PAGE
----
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FILA never looked so good.

There are a few events on the sports calendar that I get particularly excited for.  Many cite the Super Bowl or the College Football Playoffs, even the NBA finals.  And, while those contests are certainly fun to watch, they lack the intangible aura that fully commands the participants’ (and patrons’) respect and reverence.
The Masters at Augusta is the event that first comes to mind — It’s the best week of the year, in my opinion.  The history of the course and club, as well as the caliber of past champions makes the tournament, in my mind, more special than some of the other major rotations (Although I always look forward to the Open, this year at Royal Troon).  That one week in April seems to carry more weight than any other.
Wimbledon is another event that captures the imagination with it’s tradition, venue, and legacy.  Started in 1877 at the All England Club by some stodgy old Brits and initially held as an amateur tournament, Wimbledon has become the keeper of old world racquet sports tradition.  Maybe it’s the insistence on playing on grass, which is infinitely more difficult to maintain (just look at the baseline of court one by the finals match).  I can only imagine how nervous a novice (like myself) would feel kicking up a clump of turf after an ungraceful lunge at a passing shot.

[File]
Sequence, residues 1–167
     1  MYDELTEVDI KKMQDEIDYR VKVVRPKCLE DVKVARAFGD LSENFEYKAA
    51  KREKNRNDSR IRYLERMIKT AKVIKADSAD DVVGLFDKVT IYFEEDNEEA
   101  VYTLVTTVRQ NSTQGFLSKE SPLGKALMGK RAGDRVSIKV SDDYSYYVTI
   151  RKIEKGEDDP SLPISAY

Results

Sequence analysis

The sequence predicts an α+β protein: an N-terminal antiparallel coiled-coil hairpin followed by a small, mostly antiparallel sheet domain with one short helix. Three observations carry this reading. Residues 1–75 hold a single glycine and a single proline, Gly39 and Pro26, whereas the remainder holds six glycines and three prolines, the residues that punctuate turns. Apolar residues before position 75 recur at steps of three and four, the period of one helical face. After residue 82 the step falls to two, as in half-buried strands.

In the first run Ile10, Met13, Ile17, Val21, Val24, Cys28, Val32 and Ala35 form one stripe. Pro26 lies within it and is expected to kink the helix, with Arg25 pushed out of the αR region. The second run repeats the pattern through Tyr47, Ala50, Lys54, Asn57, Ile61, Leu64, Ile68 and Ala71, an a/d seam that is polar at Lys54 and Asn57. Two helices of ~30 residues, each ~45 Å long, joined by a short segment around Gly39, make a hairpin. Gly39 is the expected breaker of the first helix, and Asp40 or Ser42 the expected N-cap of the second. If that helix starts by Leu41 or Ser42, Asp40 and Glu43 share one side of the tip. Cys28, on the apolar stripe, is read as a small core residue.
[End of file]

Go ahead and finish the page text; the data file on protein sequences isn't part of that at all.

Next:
The All England Club is also a stickler for a uniform: they are insistent that all players wear white while playing.  It’s pure, clean, and perfectly pretentious for a club with only 300 members.  This probably comes as little surprise, but I enjoy playing in tennis whites.  I’m not very good and the uniform adds an element of class while I’m slamming my racket after a third double fault in a row.
It’s a rare scenario in this day and age of sponsors dollars when the championship elevates the champion, instead of the other way around. So with the finals on Sunday, be sure to have some strawberries and cream and extra champagne; picture yourself rubbing elbows with Bjorn Borg, Bradley Cooper (we would obviously rather see him in a suit than a T-shirt — show some respect), or The Duchess of Cambridge, Kate Middleton; and appreciate the champion and the event. And at Wimbledon, without the tradition, we may as well just be watching the grass grow while the players compete on clay.

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